From the April 16, 2008 New York Sun
April 16, 2008
by Jaime Daremblum
"Colombia needs its democratic friends to lean forward and give them a chance at partnership and trade with North America," Mr. Harper said in a speech last fall. "I am very concerned that some in the United States seem unwilling to do that. What message does that send to those who want to share in freedom and prosperity?"
Then he delivered a stern warning: "If the U.S. turns its back on its friends in Colombia, this will set back our cause far more than any Latin American dictator could hope to achieve."
Last week that cause was dealt a significant blow, when the House of Representatives changed its own rules in order to delay a vote on the FTA, which was signed 17 months ago.
Make no mistake: Latin American leaders will take notice. There is currently an ideological struggle raging across the region. While the president of Venezuela, Hugo Chávez, tries to export his populist-authoritarian "revolution" — he has found eager clients in Bolivia, Ecuador, and Nicaragua — Colombia continues to show that democracy and free markets offer the best path to economic and social progress.
Colombia also is on the front lines of the fight against drug trafficking and terrorism. All Latin American countries have an interest in seeing Colombia succeed. So does America, which is why Congress has given the Colombian government billions of dollars over the past several years to help squash the drug trade and reduce violence.
To be sure, narcotics and terrorism are intimately connected in Colombia, as they are in so many other countries. Until a few years ago, the narco-terrorists appeared to be gaining ground and pushing Colombian democracy toward the point of collapse. Bogotá, Medellín, and other cities were being ripped apart by chaos and violence.
But thanks to the resilience of the Colombian people, huge amounts of American aid money, and, most critically, the courageous leadership of the president of Colombia, Álvaro Uribe, the country has begun to turn the tide in its decades-long battle. Today, Colombia is easily the closest U.S. partner in all of Latin America. America has a clear strategic interest in consolidating the gains of its allies in the region. This is the only approach that can yield sustainable results in the quest for democratic and social improvement. It would thus be a serious mistake to weaken friendly Latin American democracies by depriving them of crucial support. Doing so will merely breed mistrust of America and make Chávez-style populism sound more appealing.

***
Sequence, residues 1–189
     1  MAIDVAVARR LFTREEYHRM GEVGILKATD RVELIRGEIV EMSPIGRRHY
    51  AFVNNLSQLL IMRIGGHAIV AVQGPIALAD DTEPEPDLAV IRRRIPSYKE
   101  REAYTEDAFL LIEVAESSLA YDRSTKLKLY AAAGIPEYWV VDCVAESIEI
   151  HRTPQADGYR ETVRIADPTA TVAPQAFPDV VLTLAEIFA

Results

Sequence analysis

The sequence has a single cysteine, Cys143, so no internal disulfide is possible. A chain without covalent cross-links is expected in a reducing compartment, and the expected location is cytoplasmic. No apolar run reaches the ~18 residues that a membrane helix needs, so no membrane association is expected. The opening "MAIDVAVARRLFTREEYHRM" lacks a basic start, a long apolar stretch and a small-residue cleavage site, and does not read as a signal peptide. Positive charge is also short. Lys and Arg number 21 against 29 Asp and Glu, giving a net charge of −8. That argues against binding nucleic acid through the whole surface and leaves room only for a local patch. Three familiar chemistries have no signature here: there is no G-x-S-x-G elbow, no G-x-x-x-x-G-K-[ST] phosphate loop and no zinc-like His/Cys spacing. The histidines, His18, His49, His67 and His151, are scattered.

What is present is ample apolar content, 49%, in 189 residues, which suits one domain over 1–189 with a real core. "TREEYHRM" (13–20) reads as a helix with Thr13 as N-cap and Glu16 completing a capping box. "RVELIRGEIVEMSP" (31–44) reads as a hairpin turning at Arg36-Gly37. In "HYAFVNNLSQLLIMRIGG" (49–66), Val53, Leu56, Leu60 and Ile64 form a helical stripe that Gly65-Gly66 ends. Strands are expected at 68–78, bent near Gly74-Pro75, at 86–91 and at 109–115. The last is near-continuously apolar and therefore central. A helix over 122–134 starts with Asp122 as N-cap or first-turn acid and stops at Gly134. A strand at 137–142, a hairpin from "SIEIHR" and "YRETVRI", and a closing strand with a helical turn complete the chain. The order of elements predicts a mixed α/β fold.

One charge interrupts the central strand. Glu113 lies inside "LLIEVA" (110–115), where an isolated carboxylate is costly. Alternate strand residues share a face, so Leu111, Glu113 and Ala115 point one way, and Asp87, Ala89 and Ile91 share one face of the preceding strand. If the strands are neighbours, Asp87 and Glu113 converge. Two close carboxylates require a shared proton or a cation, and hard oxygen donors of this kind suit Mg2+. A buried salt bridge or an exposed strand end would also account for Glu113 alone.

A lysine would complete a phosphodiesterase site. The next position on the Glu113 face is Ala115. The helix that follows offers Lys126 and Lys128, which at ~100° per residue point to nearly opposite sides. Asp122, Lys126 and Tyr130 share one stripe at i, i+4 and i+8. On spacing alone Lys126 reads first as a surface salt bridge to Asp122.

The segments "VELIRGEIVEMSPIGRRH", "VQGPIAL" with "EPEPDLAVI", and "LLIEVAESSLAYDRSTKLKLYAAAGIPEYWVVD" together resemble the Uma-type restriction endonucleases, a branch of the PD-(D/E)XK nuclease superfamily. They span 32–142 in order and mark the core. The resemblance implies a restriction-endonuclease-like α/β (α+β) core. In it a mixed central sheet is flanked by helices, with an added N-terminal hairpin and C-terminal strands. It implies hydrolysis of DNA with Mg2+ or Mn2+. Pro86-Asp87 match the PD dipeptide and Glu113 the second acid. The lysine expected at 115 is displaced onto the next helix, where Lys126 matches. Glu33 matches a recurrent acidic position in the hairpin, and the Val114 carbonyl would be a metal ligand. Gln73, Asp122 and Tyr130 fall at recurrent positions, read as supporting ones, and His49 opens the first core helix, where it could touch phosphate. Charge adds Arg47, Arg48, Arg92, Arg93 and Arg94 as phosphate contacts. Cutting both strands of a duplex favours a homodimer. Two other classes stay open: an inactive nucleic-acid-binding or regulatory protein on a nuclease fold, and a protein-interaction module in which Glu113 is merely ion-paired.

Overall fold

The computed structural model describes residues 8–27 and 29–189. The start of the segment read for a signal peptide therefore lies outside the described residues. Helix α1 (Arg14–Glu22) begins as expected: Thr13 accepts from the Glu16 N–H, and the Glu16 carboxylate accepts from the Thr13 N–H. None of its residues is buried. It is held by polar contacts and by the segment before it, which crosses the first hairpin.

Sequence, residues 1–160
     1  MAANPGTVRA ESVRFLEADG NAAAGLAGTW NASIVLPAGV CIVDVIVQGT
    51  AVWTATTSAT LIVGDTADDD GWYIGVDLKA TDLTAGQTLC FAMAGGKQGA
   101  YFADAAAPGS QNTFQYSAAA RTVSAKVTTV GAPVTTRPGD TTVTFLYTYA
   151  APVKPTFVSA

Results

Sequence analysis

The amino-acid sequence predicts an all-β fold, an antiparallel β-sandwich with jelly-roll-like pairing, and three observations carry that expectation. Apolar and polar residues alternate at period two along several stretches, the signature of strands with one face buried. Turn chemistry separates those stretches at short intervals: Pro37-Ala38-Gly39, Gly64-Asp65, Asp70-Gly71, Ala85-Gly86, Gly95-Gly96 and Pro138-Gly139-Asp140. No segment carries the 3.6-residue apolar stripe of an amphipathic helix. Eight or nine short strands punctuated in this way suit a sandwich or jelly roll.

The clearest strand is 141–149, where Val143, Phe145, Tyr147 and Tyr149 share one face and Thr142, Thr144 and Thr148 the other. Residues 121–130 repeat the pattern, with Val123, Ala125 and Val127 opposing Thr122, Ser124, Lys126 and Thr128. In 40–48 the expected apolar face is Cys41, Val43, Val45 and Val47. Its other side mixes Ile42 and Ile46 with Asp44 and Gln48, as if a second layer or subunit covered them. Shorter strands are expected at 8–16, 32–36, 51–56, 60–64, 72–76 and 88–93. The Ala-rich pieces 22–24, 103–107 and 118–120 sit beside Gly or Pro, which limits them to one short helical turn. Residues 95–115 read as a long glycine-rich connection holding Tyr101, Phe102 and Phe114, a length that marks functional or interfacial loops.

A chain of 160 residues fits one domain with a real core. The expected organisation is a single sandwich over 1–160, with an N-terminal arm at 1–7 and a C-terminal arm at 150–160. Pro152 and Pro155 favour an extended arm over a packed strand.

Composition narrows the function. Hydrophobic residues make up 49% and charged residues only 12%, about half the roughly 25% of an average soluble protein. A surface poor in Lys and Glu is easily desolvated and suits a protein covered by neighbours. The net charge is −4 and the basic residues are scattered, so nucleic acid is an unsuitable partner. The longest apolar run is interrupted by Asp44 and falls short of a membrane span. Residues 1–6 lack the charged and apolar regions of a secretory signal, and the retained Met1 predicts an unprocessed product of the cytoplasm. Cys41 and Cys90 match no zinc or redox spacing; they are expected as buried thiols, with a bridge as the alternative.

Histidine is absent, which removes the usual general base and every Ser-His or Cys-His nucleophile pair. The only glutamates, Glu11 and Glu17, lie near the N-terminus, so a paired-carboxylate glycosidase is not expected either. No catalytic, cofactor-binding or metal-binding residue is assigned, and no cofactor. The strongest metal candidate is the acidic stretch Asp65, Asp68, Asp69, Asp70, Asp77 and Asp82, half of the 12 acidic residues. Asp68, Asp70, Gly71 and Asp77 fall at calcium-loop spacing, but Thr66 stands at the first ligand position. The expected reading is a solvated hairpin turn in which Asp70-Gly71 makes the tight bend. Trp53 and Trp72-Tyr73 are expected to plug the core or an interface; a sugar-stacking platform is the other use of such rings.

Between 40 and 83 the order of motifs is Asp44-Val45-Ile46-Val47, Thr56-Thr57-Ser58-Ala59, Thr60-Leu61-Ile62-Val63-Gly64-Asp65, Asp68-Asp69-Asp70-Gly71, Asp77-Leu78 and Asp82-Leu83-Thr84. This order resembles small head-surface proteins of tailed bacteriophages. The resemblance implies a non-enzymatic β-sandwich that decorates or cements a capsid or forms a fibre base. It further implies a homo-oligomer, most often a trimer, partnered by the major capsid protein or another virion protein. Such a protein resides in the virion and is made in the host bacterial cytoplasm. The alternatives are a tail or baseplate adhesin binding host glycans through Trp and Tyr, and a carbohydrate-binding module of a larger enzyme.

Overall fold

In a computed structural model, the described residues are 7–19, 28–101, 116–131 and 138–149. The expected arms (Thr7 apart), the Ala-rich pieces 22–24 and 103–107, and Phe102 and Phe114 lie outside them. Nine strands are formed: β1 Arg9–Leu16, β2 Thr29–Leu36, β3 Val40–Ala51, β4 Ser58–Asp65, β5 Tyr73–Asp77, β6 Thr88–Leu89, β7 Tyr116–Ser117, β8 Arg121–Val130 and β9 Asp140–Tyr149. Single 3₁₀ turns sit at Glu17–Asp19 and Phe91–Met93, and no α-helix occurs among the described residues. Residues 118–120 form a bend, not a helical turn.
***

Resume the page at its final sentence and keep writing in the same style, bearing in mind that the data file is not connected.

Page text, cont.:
We should note that support for the U.S.-Colombia FTA is strong all around Latin America. FTA backers include both right of center leaders, such as Felipe Calderón of Mexico, and left of center leaders, such as Michelle Bachelet of Chile. It is especially encouraging to see so many left of center regimes embracing free trade and foreign investment. This is a sign of Latin America's political and economic maturation.
Moreover, the U.S.-Colombia FTA would provide a boon to American exporters by opening the Colombian market. Still, many Democrats complain about the murders of Colombian trade unionists. This remains a serious problem, but the Colombian government has taken extensive steps to protect union members. These efforts have produced undeniable results. Since President Uribe first took office in 2002, union killings have decreased significantly, as have kidnappings, terrorist attacks, and homicides.
After six years of amazing progress, Mr. Uribe's Colombia deserves a reward for its efforts, not a lecture from American politicians pandering to anti-trade sentiment. Providing Colombia with more foreign investment and permanent access to the U.S. market would help both American companies and Colombian workers. It would also solidify America's relationship with a vital regional partner.
We should remember that Plan Colombia was originally a bipartisan initiative started by the Clinton administration. It is distressing that the U.S.-Colombia FTA has failed to garner similar support. By blocking a vote on the FTA, House members have sent a terrible signal to American allies. They have put narrow partisan interests ahead of a broader national interest. Let's hope it is not too late for Mrs. Pelosi and other top Democrats to reverse the course.
Ambassador Jaime Daremblum is a Hudson Institute Senior Fellow and directs the Center for Latin American Studies.
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